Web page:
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When the quotient by an intersection is isomorphic to a product of quotients


Solution to Abstract Algebra by Dummit & Foote 3rd edition Chapter 3.3 Exercise 3.3.7

Let $G$ be a group and let $M,N \leq G$ be normal such that $G = MN$. Prove that $G/(M \cap N) \cong (G/M) \times (G/N)$.


Solution: Define $\varphi : G \rightarrow G/M \times G/N$ by $g \mapsto (gM,gN)$; certainly $\varphi$ is a homomorphism. If $g \in \mathsf{ker}\ \varphi$, then $(gM,gN) = (M,N)$, so that $g \in M \cap N$. Conversely, $M \cap N$ is contained in $\mathsf{ker}\ \varphi$.

Now we argue that $\varphi$ is surjective. To see this, let $(g_1M,g_2N) \in G/M \times G/N$. Since $G = MN$, and since $M$ and $N$ are normal, we have $$(g_1M,g_2N) = (m_1n_1M,m_2n_2N) = (n_1m_3M,m_2n_2N) = (n_1M,m_2N)$$ for some $m_i \in M$ and $n_i \in N$. Let $g = m_2n_1$; now $m_2n_1 = n_1m_4$ for some $m_4 \in M$, and evidently $\varphi(g) = (g_1M,g_2N)$. So $\varphi$ is surjective. By the first isomorphism theorem, we have $$G/(M \cap N) \cong G/M \times G/N.$$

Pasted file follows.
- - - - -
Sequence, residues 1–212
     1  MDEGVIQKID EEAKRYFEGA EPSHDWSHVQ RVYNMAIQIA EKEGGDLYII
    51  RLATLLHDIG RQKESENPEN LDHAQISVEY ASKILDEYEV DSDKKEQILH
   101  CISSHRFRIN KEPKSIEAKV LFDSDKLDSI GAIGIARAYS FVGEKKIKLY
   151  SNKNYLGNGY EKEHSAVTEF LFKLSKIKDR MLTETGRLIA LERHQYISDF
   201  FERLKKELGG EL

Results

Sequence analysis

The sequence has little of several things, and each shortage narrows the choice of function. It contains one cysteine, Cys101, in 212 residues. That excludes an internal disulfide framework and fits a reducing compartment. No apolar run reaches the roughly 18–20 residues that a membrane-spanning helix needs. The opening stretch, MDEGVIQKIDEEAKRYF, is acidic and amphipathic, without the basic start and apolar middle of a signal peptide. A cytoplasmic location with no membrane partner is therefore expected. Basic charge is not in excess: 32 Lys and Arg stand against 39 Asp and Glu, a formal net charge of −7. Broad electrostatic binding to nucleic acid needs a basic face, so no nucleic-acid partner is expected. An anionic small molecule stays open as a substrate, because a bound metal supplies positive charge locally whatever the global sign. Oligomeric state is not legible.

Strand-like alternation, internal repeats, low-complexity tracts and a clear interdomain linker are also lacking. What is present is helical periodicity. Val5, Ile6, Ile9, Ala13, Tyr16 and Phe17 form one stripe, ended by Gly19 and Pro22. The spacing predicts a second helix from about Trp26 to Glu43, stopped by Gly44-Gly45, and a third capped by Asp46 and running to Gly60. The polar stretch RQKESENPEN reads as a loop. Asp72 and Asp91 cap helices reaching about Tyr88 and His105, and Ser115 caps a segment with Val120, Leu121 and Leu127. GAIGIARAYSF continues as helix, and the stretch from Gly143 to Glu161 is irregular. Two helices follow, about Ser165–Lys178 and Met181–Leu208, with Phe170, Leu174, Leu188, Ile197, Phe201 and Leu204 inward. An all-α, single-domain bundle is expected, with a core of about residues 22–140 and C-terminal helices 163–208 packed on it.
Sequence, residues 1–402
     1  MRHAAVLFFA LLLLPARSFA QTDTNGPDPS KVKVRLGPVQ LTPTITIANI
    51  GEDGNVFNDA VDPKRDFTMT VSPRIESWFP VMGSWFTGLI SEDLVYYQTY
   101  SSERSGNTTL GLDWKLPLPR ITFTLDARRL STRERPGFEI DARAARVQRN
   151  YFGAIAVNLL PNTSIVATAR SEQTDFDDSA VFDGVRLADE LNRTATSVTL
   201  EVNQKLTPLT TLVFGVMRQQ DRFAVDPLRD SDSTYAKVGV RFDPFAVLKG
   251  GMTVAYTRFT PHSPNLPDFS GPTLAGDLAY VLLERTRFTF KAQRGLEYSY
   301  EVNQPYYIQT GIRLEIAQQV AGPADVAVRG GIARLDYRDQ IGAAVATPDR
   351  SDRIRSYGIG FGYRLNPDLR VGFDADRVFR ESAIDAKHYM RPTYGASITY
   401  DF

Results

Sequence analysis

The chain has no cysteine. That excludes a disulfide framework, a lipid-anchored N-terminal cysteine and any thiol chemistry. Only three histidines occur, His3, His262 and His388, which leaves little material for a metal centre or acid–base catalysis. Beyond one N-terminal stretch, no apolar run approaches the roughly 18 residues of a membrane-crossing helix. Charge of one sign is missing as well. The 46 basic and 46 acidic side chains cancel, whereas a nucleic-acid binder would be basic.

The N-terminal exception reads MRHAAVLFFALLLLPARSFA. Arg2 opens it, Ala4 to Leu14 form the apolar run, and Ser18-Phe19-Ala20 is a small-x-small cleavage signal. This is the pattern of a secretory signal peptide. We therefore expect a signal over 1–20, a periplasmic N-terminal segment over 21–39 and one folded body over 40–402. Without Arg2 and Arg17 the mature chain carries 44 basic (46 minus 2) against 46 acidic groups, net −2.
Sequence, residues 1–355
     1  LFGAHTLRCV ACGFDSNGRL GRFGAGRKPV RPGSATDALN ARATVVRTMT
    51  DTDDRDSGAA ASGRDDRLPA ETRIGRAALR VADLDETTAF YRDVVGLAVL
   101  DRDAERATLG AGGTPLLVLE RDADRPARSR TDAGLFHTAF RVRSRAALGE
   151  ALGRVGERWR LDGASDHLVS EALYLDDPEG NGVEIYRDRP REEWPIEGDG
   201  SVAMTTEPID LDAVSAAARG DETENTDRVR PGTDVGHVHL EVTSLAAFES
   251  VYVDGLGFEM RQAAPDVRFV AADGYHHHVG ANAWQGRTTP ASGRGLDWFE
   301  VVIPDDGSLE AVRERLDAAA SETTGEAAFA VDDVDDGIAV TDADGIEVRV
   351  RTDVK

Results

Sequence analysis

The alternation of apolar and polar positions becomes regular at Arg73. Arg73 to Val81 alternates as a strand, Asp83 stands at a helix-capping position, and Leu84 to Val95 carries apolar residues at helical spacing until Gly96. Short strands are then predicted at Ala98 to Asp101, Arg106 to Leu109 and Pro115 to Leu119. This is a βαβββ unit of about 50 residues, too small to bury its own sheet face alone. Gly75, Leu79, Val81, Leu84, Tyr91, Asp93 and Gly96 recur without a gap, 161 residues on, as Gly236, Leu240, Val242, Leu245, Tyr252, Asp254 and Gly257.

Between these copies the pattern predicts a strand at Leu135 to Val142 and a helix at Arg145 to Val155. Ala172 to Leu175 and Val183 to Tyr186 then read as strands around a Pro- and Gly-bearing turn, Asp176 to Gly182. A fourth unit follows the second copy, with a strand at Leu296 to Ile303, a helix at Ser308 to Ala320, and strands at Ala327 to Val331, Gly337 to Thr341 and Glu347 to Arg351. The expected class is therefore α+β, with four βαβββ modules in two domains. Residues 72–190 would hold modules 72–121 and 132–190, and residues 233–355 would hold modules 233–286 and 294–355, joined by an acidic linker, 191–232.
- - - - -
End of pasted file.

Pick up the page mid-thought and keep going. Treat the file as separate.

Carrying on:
Linearity

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